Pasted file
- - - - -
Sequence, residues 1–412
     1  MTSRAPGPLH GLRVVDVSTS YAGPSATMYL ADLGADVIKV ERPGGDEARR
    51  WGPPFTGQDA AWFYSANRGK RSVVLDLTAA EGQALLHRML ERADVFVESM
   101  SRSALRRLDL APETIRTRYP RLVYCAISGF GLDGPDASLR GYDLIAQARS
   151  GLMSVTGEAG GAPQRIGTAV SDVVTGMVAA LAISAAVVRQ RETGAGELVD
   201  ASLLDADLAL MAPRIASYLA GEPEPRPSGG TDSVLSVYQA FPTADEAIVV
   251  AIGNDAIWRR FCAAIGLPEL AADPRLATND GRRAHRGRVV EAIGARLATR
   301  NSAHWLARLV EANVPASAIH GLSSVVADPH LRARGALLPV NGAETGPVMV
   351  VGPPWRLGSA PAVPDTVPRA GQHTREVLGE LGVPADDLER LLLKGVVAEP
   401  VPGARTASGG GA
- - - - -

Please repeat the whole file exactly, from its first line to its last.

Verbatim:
Sequence, residues 1–412
     1  MTSRAPGPLH GLRVVDVSTS YAGPSATMYL ADLGADVIKV ERPGGDEARR
    51  WGPPFTGQDA AWFYSANRGK RSVVLDLTAA EGQALLHRML ERADVFVESM
   101  SRSALRRLDL APETIRTRYP RLVYCAISGF GLDGPDASLR GYDLIAQARS
   151  GLMSVTGEAG GAPQRIGTAV SDVVTGMVAA LAISAAVVRQ RETGAGELVD
   201  ASLLDADLAL MAPRIASYLA GEPEPRPSGG TDSVLSVYQA FPTADEAIVV
   251  AIGNDAIWRR FCAAIGLPEL AADPRLATND GRRAHRGRVV EAIGARLATR
   301  NSAHWLARLV EANVPASAIH GLSSVVADPH LRARGALLPV NGAETGPVMV
   351  VGPPWRLGSA PAVPDTVPRA GQHTREVLGE LGVPADDLER LLLKGVVAEP
   401  VPGARTASGG GA